In legislative and policy disputes, Brewer preferred negotiation and finding common ground rather than public spats or power plays with patronage, as George Wallace had. In anticipation of the first legislative session being convened while he was governor, he decided to focus on improving education, consolidating bureaucratic procedures, trimming unnecessary spending, and improving Alabama's national image. He investigated the state of education in Alabama, and found that overall the system was not improving relative to other states, despite efforts at reform during the Wallace administrations. He informed state education officials that he wanted to alter the state's strategy for responding to federal school desegregation orders; in contrast to Wallace's flagrant hostility and refusals, Brewer would "try to do it in a way that will let us do the most palatable thing for the people, the patrons of our system."

Brewer believed that a school choice policy which permitted integrated schooling options could satisfy the federal government's demands and be accepted by most Alabamians, thus preserving popular support for his goal of improving the public education system. Many school choice proponents in the South had advocated for choice policies to deliberately stall integration and preserve segregated schools, and by that point many federal courts were dissatisfied with such proposals. Several weeks after Brewer communicated to President Lyndon B. Johnson that he would engage the federal government in good faith on school segregation issues, the United States Attorney General sued in the United States District Court for the Middle District of Alabama to replace school choice options. After the court ordered new measures be taken to further integration, Johnson ordered the schools integrate their faculty at a specific ratio and directed that some black schools be closed. The governor responded by engaging in similar rhetoric as segregationist, complaining of bureaucratic interference and social engineering. He also warned that under a more directed desegregation plan, most white parents would simply enroll their children in private schools. Despite this, he pledged to respect any court orders on racial matters. His request that Johnson reconsider his order was rejected.

Meanwhile, the Education Study Commission released a report on education in Alabama which outlined numerous deficiencies including overcrowded schools, inadequate instructional materials, underqualified educators, and uncompetitive pay rates for teachers. The commission recommended that additional funding was needed to improve the situation. In 1969 he called the legislature into special session to consider 30 bills aimed at improving education. Despite resistance from some urban legislators who thought the package did more to improve rural areas, the proposals were passed, increasing education spending by $132 million, raising teacher salaries by over 20 percent over two years, making the state and local superintendent positions appointive, granting the Education Study Commission statutory status, and creating the Alabama Commission on Higher Education.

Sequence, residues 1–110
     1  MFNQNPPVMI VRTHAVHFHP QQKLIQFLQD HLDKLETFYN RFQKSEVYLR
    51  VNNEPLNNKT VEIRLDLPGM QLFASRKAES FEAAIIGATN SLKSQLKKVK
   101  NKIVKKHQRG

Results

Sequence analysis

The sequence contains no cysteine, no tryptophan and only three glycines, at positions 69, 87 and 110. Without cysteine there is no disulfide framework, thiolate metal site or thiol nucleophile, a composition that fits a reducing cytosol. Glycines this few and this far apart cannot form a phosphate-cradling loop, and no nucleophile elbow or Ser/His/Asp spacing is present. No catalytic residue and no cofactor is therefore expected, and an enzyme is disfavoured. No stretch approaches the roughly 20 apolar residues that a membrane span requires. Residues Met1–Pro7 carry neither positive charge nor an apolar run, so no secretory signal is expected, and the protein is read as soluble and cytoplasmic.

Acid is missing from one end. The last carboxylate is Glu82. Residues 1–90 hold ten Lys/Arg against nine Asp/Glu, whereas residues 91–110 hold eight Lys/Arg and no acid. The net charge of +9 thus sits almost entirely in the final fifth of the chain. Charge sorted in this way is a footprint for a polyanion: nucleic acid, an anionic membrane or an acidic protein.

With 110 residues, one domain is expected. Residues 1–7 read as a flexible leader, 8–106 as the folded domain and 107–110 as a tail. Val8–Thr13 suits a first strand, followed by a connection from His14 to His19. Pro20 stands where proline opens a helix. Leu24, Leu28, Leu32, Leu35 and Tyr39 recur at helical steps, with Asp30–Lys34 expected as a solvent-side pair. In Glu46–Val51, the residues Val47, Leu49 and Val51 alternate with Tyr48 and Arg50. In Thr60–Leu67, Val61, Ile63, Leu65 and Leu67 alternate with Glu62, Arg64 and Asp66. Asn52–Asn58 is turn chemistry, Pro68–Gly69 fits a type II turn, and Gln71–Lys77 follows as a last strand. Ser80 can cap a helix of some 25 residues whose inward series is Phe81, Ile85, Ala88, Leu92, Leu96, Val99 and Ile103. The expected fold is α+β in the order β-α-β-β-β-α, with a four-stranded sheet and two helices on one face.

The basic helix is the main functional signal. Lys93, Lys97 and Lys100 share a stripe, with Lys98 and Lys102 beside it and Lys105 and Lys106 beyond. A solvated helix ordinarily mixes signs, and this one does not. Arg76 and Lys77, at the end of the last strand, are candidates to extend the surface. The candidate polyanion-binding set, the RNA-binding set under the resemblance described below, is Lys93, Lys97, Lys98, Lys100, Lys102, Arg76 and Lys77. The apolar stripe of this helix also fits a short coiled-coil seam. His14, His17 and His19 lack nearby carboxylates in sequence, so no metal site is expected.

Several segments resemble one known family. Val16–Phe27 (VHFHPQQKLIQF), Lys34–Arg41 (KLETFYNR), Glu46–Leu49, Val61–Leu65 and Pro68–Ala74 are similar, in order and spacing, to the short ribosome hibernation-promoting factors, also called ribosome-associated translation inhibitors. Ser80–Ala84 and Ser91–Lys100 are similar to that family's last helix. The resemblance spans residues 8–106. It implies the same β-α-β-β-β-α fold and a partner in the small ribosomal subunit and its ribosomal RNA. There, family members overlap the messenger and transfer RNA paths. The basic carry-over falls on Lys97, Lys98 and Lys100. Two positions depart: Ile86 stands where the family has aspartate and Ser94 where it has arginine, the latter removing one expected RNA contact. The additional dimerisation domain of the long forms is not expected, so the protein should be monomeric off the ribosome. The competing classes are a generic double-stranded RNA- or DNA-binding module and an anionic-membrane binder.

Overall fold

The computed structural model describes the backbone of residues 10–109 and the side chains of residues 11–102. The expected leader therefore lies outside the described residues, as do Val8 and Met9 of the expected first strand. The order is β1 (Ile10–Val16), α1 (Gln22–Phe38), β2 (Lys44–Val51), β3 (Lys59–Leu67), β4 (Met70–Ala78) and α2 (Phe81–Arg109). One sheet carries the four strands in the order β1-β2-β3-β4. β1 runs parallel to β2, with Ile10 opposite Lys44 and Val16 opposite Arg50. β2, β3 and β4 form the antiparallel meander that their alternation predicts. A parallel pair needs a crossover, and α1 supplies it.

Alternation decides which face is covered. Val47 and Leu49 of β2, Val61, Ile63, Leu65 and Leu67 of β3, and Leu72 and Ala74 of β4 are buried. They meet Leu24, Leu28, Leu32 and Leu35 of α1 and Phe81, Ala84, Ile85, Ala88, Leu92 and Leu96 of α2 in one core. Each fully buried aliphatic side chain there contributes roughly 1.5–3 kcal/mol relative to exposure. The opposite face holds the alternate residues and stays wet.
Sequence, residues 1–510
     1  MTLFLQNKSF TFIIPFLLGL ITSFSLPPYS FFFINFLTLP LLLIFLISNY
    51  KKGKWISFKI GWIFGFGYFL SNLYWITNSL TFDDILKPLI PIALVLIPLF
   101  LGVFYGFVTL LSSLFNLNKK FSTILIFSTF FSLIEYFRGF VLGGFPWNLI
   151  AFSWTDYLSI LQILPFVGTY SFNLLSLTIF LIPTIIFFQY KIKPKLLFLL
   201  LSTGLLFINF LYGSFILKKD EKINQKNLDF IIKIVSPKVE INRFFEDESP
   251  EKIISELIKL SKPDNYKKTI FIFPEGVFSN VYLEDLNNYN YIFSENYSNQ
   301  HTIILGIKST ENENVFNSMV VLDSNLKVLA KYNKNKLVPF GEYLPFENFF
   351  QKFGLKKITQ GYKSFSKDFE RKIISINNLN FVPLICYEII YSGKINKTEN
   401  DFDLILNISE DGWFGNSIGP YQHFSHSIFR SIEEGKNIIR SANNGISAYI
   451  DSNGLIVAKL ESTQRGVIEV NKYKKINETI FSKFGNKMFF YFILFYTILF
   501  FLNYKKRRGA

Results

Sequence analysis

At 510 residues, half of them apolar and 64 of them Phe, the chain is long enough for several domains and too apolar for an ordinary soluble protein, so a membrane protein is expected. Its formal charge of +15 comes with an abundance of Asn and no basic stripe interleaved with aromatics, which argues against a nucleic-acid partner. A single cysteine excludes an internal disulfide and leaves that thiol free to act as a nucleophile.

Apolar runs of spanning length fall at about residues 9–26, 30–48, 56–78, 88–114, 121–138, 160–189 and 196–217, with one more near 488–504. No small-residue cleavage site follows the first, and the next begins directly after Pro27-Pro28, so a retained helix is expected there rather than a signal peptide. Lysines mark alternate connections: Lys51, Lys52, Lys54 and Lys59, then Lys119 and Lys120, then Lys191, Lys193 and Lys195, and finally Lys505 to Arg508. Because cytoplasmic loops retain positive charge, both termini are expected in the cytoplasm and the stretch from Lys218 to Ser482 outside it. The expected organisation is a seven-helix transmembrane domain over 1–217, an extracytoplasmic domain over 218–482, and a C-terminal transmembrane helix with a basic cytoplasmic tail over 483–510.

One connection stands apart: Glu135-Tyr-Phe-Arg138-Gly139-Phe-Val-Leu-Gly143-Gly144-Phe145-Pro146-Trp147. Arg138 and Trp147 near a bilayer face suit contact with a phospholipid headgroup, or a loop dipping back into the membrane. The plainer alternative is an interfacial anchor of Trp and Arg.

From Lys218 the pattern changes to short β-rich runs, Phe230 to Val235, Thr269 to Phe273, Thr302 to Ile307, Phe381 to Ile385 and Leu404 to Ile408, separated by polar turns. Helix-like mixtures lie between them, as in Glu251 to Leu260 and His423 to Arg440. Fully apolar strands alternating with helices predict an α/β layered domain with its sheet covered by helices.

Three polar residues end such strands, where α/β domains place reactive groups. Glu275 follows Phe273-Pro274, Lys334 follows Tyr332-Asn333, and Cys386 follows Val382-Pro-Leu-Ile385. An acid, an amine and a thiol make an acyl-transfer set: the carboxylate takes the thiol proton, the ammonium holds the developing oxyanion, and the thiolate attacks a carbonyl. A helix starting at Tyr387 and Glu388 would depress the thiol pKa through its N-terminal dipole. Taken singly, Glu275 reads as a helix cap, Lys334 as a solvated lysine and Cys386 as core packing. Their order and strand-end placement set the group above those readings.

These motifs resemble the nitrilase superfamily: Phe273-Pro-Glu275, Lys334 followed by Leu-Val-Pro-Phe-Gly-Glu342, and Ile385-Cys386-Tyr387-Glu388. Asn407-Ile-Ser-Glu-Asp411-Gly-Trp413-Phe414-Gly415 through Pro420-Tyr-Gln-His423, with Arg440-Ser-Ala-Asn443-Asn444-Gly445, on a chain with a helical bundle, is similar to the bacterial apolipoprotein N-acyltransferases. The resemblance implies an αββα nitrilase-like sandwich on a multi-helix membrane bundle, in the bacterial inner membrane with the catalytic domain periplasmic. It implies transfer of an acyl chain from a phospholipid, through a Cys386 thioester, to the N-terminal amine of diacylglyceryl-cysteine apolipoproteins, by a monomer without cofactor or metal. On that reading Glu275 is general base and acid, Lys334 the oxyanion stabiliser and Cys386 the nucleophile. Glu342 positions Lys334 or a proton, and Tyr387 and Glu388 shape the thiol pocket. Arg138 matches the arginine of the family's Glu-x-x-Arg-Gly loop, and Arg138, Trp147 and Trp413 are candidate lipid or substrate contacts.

At the beginning of the 1969 session, Brewer announced that he would push for new pollution control laws. With industrial groups heavily lobbying the legislature, only a weak bill was passed. More focused on education reform, Brewer decided against pushing for stronger regulations in a matter which would anger corporate interests and, in his view, earn him few additional votes in the 1970 election. More fish kills and serious mercury pollution in 1970 led for Brewer to appeal for federal assistance a commission a water quality survey and, as a lame duck, he briefly considered convening a special session to address inadequate pollution controls before ruling it unfeasible. His efforts during the 1969 session to strengthen consumer credit protections or schedule the legislature for annual sessions (instead of biannual) also failed. Despite this, Brewer's administration was able to obtain funding for a state Medicaid program, a state employee pay hike, new highway safety legislation, a meat inspection law, and a requirement that all workers contracted by the state for construction be guaranteed standard wages.

1970 gubernatorial campaign

1970 Alabama Democratic gubernatorial primary results map
County results of the 1970 Alabama Democratic gubernatorial primary
Wallace:      50-60%      60-70%      70-80%
Brewer:      50-60%      60-70%      70-80%

Brewer supported Wallace's 1968 presidential campaign, soliciting donations and delivering speeches on his behalf. Within months of Brewer assuming office, Wallace assured him privately and stated publicly that he would not seek the governor's office in 1970. Brewer continued with his preparations to be elected as governor in his own right in 1970, and, mindful of the possibility of another Wallace candidacy, took increasingly bolder policy positions and actions.